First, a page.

I like how each chapter in Dressed in Dreams highlights a particular style, sometimes representing an entire era.
One thing that was challenging about that was having to write myself at different ages. When I write on the Jheri curl—I’m 10 years old in that chapter, and trying to channel my 10-year-old self, and not just write back into history through the lens of my grown-woman self and remembering that era as an adult. I really tried to step back into that moment and experience it again the way I did as a 10-year-old Black girl. Trying to do that at every age, that was a particular challenge, but one of the reasons why I did that was because I wanted the book to be accessible to high school kids. I wanted it to feel like something that they could see themselves in immediately and understand that this was a book that was speaking to them too. I wanted it to have that kind of cross-generational feel.
The book is not just about the personal but also the collective. Could you say more about the communal aspect of your book?
I wanted to show how Black girls’ clothing, and the decisions we make around our bodies, are a form of Black girl world-building, where we are doing something that’s deeply about ourselves, and our own form of self-expression, but we’re doing it in community, and we’re using our bodies to imagine new possibilities. I wanted to really give voice to that, and show Black girls that yeah, I see you—and I see what you do despite the fact that the world tells you that you’re affective, that you’re too much, that your body is hypersexual, that your name is too ghetto, that your long curvy nails make you look hood, that you’re not educated.
We have our own politics. We have our own way of seeing the world and engaging with the world and pushing back against the normative in ways that people need to see—because they love it when they see it on a Kardashian, or Ariana Grande, or somebody like that, but when they see it on a Black girl, it’s considered an affront. It’s considered too much. I wanted to be able to talk about that in a very productive way that also reflects a very Black girl spirit that creates that kind of culture.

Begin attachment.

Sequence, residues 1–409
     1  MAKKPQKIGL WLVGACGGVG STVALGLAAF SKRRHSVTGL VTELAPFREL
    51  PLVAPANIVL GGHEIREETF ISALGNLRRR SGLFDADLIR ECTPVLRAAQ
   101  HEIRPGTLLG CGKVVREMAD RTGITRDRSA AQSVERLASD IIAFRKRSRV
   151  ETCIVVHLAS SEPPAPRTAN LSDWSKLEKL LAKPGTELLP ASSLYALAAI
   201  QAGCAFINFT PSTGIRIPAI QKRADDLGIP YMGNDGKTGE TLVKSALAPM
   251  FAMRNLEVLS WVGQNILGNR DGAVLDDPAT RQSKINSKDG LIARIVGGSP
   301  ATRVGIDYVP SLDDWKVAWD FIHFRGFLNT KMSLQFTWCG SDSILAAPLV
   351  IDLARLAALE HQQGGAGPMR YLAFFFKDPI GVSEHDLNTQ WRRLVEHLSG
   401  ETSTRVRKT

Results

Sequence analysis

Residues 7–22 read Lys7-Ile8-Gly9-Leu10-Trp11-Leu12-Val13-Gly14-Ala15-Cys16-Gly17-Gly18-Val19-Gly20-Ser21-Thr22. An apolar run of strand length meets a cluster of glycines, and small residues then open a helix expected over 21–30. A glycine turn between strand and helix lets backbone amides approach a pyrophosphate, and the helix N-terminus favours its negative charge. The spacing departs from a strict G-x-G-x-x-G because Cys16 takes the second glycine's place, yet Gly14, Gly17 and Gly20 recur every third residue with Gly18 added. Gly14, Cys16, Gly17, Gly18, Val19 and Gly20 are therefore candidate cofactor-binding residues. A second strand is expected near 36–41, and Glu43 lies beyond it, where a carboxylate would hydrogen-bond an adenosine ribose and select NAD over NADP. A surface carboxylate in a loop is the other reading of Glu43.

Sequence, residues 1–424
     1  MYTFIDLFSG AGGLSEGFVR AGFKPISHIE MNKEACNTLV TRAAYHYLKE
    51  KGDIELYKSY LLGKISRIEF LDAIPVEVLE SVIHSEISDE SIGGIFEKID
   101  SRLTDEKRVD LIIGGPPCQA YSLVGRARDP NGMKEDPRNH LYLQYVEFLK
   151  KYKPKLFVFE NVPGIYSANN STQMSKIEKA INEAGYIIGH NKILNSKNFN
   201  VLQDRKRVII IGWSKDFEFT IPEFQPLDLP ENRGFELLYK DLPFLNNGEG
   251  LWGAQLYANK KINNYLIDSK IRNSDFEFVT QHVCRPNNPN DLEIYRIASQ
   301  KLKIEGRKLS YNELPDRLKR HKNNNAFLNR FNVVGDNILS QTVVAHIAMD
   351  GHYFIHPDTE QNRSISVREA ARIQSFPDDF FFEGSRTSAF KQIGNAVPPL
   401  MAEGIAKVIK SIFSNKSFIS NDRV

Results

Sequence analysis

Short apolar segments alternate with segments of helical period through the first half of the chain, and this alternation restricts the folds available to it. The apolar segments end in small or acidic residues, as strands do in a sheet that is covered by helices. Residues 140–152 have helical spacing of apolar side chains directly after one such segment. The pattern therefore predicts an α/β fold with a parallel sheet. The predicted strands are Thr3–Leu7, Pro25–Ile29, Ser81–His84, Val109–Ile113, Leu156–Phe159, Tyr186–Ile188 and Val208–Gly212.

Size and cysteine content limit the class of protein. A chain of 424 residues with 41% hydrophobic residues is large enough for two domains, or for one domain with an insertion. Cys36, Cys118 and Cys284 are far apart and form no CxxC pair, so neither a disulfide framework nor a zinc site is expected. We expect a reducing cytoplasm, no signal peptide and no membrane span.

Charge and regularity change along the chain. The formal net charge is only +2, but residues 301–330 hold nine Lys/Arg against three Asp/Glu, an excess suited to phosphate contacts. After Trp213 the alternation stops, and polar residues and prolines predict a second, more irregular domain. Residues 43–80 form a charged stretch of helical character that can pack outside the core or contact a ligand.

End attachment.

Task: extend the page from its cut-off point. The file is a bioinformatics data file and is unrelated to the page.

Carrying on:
What do you think of the conversations about fashion and cultural appropriation?
My main response to these conversations is to put forth a different model. I think far too often in the conversations about appropriation, we find ourselves screaming. We’ve been robbed! You’ve stolen our whole style! We’ve been rocking this!
My love letter offers a different model—where Black girls get to be at the center of the making, the center of the industry, and can create a story that is made visible without some white designer going into our neighborhood and taking our style, divorcing it from our entire community, giving it a different name, and putting a white model in it to walk the runway and then expecting us to buy into that world that they’ve now created for us to imagine ourselves in!
That’s why I think the Rihanna moment is so important: because it shows how the Black-girl-fashion-culture model can work in the industry. Instead of Rihanna using the same model that white American and white European designers use, she said, I want to start with a story that’s very much connected to my own Caribbean heritage, and I’m going to use Black women models, Grandassa models. I’m going to have Black models in a contemporary moment, and I’m going to create a moment around us that very unapologetically centers Black experiences, that centers an African Diasporic tradition of style and dress, that creates a genealogy that shows how our fashions have evolved in our communities over time.
That’s the model I want to see.